Typical responses by employers range from bribery to threats. At one end of the spectrum, substantial incentives to stay are offered. At the other end, interrogation meetings and promises of vigorous legal action are the order of the day. Neither of these extremes is likely to be productive and many employers would be better served by attempting to focus on what it is that may make the employees concerned unhappy enough to consider leaving.

Of course, these moves are not always fuelled by unhappiness. Sometimes, the issues are purely financial. Therefore, once it is discovered that a current employee is intending to leave and has acted suspiciously in relation to business data, another set of decisions have to be taken. Do you dismiss? Or, do you suspend and investigate? By dismissing the employee, you may only succeed in giving them a good unfair dismissal claim and, at the same time, destroy the effectiveness of any restrictive covenants in their contracts. This also releases them early to join their new employer. If you suspend and investigate, this avoids those problems. But, the employee is still part of the business and may be able to do further damage by communicating with other staff or accessing work information.

An alternative approach is to place the employees on garden leave. This can be both a useful way of taking the heat out of a situation, as well as a way of signalling that the employer still retains control over the situation.

Although garden leave can be useful in the short term, it does not stop staff from using information they may have taken home undetected, or from making arrangements for programs to be duplicated and used abroad. Garden leave may keep people away from office-based information, but experience shows that anyone who is planning to leave will remove most of the information that they want, well in advance of their resignation. The key to an effective strategy is a swift and focussed investigation, which is increasingly technologically driven.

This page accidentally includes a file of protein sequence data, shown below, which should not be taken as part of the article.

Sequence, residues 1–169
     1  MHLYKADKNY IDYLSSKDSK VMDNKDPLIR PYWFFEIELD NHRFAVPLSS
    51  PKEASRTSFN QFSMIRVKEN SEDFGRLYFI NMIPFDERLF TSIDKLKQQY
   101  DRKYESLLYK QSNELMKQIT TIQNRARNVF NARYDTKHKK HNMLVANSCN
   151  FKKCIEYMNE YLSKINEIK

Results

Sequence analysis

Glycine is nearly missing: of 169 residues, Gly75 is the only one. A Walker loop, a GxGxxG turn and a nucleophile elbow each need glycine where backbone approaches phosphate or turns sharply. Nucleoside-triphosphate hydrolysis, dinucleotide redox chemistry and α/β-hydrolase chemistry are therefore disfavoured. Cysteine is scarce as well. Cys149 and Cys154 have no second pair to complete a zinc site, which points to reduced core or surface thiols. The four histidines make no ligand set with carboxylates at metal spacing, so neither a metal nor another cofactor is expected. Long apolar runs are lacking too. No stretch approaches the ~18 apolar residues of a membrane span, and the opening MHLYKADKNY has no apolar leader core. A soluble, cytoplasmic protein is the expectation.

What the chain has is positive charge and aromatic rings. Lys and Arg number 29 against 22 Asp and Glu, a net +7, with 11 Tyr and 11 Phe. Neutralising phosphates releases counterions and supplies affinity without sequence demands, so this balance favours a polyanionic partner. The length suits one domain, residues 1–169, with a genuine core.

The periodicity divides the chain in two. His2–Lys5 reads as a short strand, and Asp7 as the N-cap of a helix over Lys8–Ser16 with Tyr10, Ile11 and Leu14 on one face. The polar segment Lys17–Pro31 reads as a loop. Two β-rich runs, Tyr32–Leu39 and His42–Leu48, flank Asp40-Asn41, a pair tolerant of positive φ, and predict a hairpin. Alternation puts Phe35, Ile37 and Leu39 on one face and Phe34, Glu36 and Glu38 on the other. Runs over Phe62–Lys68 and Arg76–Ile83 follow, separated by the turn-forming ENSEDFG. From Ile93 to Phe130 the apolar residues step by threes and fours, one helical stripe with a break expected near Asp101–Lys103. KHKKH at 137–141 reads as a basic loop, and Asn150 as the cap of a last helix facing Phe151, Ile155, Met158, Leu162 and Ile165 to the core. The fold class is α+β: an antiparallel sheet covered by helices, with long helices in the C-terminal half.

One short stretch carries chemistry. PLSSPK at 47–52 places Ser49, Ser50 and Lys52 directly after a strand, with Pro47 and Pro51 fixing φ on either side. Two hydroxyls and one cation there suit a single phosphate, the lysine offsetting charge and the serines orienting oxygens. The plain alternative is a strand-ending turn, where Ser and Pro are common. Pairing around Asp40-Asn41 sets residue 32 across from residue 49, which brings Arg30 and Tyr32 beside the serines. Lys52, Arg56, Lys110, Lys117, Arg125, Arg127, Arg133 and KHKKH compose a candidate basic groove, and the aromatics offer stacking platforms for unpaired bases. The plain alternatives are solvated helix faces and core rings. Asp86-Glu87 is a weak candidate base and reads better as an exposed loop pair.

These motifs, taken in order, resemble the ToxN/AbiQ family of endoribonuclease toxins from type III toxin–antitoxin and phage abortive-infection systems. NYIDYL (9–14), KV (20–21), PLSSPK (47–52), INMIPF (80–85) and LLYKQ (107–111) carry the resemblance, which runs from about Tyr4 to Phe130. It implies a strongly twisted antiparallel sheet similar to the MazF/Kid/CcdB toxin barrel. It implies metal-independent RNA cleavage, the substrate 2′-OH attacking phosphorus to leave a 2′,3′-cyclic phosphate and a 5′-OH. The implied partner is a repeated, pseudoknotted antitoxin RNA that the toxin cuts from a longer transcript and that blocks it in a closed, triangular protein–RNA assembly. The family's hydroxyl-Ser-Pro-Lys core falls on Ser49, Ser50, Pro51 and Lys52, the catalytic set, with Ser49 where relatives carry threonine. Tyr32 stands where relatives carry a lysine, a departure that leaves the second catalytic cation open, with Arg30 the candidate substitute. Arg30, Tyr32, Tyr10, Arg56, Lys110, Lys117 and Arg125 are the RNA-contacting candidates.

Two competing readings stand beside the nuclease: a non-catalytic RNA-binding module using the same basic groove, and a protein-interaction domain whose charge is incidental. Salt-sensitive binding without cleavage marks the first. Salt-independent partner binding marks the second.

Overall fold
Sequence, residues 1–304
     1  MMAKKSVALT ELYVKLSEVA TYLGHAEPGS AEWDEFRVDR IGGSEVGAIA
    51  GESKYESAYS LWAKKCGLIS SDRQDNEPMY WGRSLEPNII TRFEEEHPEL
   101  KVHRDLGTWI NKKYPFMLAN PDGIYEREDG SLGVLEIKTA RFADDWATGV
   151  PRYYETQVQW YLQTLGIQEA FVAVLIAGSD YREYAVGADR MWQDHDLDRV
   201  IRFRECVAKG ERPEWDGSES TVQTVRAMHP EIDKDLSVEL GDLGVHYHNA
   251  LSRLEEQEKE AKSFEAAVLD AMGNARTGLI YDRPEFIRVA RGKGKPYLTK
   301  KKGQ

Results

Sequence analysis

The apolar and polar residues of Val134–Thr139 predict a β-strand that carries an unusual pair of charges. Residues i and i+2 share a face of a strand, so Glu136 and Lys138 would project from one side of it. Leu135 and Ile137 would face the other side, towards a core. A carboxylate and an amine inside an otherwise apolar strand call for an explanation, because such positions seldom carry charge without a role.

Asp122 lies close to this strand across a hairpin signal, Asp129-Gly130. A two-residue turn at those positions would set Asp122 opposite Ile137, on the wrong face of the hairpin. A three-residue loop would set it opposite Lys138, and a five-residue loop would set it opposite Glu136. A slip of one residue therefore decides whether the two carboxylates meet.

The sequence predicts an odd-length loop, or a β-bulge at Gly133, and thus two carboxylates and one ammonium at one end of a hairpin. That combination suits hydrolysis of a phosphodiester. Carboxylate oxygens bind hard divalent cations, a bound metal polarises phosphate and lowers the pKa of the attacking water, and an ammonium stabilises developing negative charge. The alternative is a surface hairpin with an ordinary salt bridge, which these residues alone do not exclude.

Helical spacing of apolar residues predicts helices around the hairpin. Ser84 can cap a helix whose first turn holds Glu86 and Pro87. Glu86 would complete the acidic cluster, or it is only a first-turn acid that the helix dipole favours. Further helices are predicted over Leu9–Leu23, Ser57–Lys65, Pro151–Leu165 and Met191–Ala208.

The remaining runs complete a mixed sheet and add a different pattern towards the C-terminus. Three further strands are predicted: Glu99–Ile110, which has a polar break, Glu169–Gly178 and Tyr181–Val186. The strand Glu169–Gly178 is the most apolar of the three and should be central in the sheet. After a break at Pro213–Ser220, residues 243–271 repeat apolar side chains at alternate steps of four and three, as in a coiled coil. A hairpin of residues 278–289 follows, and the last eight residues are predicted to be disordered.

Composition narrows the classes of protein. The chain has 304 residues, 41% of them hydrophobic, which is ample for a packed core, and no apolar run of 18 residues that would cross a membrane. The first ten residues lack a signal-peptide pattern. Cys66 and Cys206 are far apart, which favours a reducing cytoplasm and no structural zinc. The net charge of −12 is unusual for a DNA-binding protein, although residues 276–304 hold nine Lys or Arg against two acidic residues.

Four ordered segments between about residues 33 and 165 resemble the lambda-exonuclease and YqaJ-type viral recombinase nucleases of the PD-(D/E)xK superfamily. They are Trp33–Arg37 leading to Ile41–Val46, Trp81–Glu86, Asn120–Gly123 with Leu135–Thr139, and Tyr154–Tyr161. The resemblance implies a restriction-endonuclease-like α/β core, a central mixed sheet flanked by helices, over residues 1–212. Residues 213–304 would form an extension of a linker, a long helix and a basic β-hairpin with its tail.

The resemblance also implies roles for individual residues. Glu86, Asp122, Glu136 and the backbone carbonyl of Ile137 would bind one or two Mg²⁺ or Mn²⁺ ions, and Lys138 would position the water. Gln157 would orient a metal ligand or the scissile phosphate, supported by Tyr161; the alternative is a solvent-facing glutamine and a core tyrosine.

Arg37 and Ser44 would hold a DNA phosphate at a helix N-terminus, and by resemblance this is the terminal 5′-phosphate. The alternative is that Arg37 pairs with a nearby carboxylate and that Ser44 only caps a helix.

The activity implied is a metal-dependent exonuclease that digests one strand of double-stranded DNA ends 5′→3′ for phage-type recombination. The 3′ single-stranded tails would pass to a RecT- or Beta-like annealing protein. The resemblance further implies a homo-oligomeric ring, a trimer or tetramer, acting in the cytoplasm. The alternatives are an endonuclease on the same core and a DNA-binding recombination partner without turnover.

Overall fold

The important thing in these situations is to be well prepared and to respond quickly and efficiently once the news of the intended departure breaks. Most businesses, even in the IT sector, can be surprisingly unaware of what to do here. The most common issue is that there is not enough liaison between the team responding to the team defection and the technical side of the business to properly identify what is being looked for, which leads to a lack of understanding of the urgency involved and too much delay.


The European principle of the free movement of labour, together with the more traditional concept of free market competition which is enshrined in English law mean that no employer can ever expect to force an employee to remain in employment. The Courts always shy away from compelling a party to undertake specific performance of an employment contract. Even in garden leave cases, the Courts are never willing to compel employees to actually do any work, even if they will uphold the contract until notice expires. Any employer wishing to prevent team moves, or to reduce their impact, therefore needs to focus primarily on commercial and HR factors, rather than reverting to the law as a first option. Once it is demonstrated that the parting team have taken confidential information or have otherwise breached their obligations, then legal action becomes a far more viable and necessary option.